TSG4 & TSG2 CYCLING TOURISM AND CULTURAL ROUTES WORKSHOP
PRESS RELEASE - Zagreb, 5 October 2020
On 2nd of October 2020, Croatian Ministry of Tourism and Sports organized an international online workshop "Cyclotourism and Cultural Routes". The aim of the workshop was to draw attention to the economic effects of cycling tourism in the EU and its potential in the sustainable development of tourism in our region and the importance of cooperation and joint planning of the tourism and transport sector.
The importance of intersectoral cooperation in the sustainable development of tours and cultural routes was emphasized by the Head of the Sector for Tourism Policy and International Cooperation of the Ministry of Tourism and Sports Mirela Grgurić and Tatjana Horvatić, Head of the Movable, Ethnographic and Intangible Cultural Heritage Service of the Ministry of Culture.
This online workshop was contributed by Nadine Lakhal, representative of the European Commission's Directorate-General for Regional and Urban Policy, Dirk Glaesser, Director of Sustainable Tourism at UNWTO and a number of other distinguished guests.
From integration with public transport to the economic benefits of local communities
Ed Lancaster of the European Cycling Federation ECF stated in his presentation that the potential contribution of cycling tourism to the local and global economy is still not sufficiently recognized and exploited. We need more investment in marking routes in the field, certifying them and connecting them to public transport. He stressed the importance of promoting cycling products.
"You can have the best infrastructure, but if no one knows about it, you haven't done much - so investing in promotion is just as important as investing in infrastructure and service development," Lancaster concluded.
Cycling is not only cycling tourism, but as part of the transport system of cities it can play a very important role in reducing CO2 emissions, reducing traffic congestion, saving fuel, but also increasing the number of jobs. According to the ECF data, due to the beneficial effects on human health, cycling reduces the costs of the health system and the absence of workers from work. These savings are not negligible and are estimated at around 150 billion euros on an annual basis.
"The average cyclist rides 50 to 60 km a day, through 4 to 6 sections, stays for an average of 9 days, of which 7 days include rides and the quality realy matters to them. Quality of infrastructure and quality of service are extremely important to them, for which they are willing to pay a higher price", said Frank Hoffman, a member of the Board of ADFC, the German association of cycling clubs, as part of his presentation on the necessary services and infrastructure of cycling tourism.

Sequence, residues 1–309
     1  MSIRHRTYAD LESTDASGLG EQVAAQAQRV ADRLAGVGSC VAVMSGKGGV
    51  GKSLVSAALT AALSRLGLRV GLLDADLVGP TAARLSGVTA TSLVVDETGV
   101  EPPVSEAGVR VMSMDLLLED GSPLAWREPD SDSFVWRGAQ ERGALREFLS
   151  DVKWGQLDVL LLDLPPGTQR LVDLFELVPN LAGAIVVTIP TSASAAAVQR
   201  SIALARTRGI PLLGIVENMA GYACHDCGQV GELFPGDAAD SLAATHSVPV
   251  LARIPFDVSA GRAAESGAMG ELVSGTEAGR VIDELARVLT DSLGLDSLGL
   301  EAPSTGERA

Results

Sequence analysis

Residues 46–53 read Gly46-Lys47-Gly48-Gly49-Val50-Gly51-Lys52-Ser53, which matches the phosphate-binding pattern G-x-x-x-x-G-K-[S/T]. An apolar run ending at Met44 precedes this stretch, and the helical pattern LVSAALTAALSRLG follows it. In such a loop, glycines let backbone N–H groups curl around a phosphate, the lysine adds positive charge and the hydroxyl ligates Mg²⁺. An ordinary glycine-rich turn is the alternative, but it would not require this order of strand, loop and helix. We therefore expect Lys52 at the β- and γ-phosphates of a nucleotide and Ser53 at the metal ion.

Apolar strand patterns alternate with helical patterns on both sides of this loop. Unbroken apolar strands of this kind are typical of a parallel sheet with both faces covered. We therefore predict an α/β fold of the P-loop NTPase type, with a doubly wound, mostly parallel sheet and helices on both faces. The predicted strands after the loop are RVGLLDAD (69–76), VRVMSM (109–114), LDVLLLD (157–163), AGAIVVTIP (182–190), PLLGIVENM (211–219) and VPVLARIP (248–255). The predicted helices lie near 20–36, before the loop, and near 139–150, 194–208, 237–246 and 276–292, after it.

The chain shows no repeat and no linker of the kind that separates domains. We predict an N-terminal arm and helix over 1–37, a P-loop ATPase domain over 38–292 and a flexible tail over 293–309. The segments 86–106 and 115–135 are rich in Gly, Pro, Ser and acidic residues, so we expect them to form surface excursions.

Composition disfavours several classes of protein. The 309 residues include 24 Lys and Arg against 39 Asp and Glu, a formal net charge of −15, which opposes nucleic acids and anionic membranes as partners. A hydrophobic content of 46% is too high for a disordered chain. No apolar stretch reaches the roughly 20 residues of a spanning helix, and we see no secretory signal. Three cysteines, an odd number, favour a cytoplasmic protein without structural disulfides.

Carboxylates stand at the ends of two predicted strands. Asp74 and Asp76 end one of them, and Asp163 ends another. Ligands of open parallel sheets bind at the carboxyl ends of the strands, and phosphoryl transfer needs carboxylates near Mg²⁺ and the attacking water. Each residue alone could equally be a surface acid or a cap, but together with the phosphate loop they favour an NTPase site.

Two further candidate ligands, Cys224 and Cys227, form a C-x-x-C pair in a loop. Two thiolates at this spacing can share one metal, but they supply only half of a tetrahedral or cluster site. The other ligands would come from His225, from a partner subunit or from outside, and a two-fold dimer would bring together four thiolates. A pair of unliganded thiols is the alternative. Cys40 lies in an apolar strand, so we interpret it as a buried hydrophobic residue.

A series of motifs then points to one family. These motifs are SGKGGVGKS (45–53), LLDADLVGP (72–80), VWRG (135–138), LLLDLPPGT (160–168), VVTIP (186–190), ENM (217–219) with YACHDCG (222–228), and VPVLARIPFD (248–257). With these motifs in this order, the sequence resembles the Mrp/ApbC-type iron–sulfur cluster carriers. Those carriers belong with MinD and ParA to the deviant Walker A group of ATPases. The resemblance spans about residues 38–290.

In 1987, the Council of Europe launched the Council of Europe's Cultural Routes program with the aim of presenting a common cultural heritage, better understanding of European cultural identity and shaping a common cultural space.
By bike to cultural and historical attractions
The first cultural route recognized by the Council of Europe in 1987 was the Pilgrimage Route of Santiago de Compostela, which is a real tourist magnet on a global scale. The route also found its way into popular culture as the theme of the film The Road with Martin Sheen in the lead role, which provided additional global promotion. To date, a total of 38 Council of Europe cultural routes have been certified.
Michael Cramer, a great promoter of cycling tourism and a member of the European Parliament, highlighted EuroVelo 13 - the European Iron Curtain route as a route that managed to connect the once hard and deadly border of the capitalist and socialist bloc in Europe through cycling tourism and culture. It also includes routes along the Drava River.
This important topic of sustainable tourism development and adaptation of transport infrastructure will need to raise awareness that cycling tourism is a form of tourism of enormous economic and local development potential.